What if Moore’s ex-boyfriend had not been driven to jail, reducing the number of first-response officers from three to two? If Moore had been sooner restrained (the additional officer might have helped), perhaps Moore would have been subjected to less stress?

Then again, the presence of the ex-boyfriend just aroused Moore’s anger. Removing the ex was an on-site tactics decision, difficult to challenge if you weren’t there.

This is after-movie popcorn talk. Moore was a medical disaster waiting to break. In addition to Moore’s alcohol and toxic drug cocktail consumption, Moore had an enlarged heart and was grossly obese, (a short 300 plus).

In his drugged state, Moore was so strong he exhausted arresting officers in a struggle that “seemed [to last] forever.”

He had untreated high blood-pressure, a detail not known to the coroner.


The Struggle: Moore screaming at high pitch, “no, no, I won’t go.” Moore, no underwear, in leopard-skin tube top and matching wrap-around skirt loses his skirt in the struggle. Arriving officer makes it a threesome on the floor-futon, as the struggle continues.

Third officer to arrive on scene notices Moore is having difficulty breathing

Breathing check. Moore passes.

Breathing check. Moore fails and CPR commences.

An exhausted, sweat-drenched, limping officer who had grappled with Moore, refuses relief and drives to the hospital to be of help.

A crack-pipe falls from Moore’s extended pony-tail during the pathologist’s exam.

Police canvass Moore’s more-than-fifty neighbors, document and archive the crime scene. Most were not aware of the crisis, but some report shouts of a scuffle.

We see two posted notes, one in the living room, another in the kitchen: “A bitch ain’t shit (both).”

The signs, if Moore’s, recalls the enigma of Rosebud, Citizen Kane’s boyhood sled.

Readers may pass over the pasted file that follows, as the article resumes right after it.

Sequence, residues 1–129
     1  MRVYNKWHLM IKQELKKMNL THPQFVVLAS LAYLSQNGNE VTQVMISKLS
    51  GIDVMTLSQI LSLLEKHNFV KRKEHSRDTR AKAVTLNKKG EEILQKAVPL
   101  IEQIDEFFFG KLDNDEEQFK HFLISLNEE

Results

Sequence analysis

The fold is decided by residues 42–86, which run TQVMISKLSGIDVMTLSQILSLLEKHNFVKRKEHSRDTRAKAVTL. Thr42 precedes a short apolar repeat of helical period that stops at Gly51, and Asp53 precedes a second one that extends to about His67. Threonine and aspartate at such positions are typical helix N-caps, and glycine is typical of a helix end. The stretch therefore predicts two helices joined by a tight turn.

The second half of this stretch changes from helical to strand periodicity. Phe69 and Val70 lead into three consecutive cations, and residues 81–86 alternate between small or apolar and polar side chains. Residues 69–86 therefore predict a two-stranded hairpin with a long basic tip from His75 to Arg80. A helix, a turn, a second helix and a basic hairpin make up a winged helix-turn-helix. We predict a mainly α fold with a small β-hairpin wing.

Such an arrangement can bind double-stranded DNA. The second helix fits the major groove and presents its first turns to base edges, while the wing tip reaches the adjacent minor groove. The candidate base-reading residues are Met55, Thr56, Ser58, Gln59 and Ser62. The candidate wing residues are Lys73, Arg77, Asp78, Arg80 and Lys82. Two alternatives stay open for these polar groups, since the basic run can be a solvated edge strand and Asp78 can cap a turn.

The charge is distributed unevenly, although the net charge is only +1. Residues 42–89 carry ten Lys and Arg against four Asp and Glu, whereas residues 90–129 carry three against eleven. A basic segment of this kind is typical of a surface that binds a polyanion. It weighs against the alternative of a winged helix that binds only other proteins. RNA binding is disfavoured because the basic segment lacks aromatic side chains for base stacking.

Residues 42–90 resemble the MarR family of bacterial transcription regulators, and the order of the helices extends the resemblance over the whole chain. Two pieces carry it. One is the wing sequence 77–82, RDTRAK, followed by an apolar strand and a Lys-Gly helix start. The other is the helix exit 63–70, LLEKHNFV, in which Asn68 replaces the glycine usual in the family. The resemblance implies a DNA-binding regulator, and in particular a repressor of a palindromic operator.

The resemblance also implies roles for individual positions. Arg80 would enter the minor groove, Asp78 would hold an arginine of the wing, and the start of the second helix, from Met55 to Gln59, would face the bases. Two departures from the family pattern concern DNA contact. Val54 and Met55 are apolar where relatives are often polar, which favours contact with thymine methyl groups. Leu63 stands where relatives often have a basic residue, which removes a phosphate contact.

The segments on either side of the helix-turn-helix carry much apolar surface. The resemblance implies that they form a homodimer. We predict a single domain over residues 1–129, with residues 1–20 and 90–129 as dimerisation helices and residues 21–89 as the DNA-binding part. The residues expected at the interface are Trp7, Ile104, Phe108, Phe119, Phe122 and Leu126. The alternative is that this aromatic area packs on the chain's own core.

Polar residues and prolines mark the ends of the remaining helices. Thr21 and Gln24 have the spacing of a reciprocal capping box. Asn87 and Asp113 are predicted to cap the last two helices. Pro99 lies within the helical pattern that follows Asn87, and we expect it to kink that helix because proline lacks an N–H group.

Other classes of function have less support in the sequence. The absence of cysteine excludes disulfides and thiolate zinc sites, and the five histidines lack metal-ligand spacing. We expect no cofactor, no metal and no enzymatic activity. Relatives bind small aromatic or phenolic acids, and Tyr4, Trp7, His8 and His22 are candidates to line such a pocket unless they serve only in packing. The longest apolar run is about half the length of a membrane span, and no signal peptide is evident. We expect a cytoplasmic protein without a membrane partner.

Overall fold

Moore’s step-mother tells of Moore’s coma-inducing bike-car accident (at four), after which he became constantly angry.

“A bitch ain’t shit.”

Moore in treatment in the Haight while transitioning to female. Moore’s step-mother calls police months before the crisis reporting that stress from gender pressures is endangering Moore’s precarious mental health.


Angel is a mystery woman like Laura (’44, Preminger) or Kim Novak (Vertigo, ’58, Hitchcock). We learn that she was Moore’s transgendered girlfriend but had left the apartment hours before the crisis.

Angel could explain Moore’s state of mind.

Did Moore admire Angel because she had undergone gender re-assignment surgery?

“A Bitch ain’t shit.” What did it mean?

But repeated attempts to find Angel fail as the investigation winds down.


Produced and Directed by Berkeley Police Chief Michael K. Meehan
Publicist: Jennifer Coats
Story: BPD
Starring: As officer’s names roll, background, a montage starring Moore rolls foreground.
We see Moore in earlier days when she weighed 270; she’s almost child-like. She’s reading her poetry, singing, dancing gracefully, wrapped in a colorful sarong.

Footage of angry protesters at BPD headquarters in February, hatred in their eyes.

Pan to sign from protest after BPD report released this week: “HELL-NO; WE DON’T ACCEPT THE REPORT!”


Posted in People's Park on May 5th, 2013 by admin – Be the first to comment

by Steed Dropout
April 30, 2013


Berkeley, Ca

Writing for seven publications, I am often expected to pitch a story.

I can pitch a thousand-word story in a minute or less, but no more than two minutes.

I learned to do this in Toastmaster’s International’s two minute extemporaneous “table topics.” I could do “War and Peace” in four minutes.”

How do I do it? Toastmasters just do it.

I struck out twice today.

One editor is drastically cutting back publication. Another wasn’t biting.

Event Poster. Photo by Ted Friedman.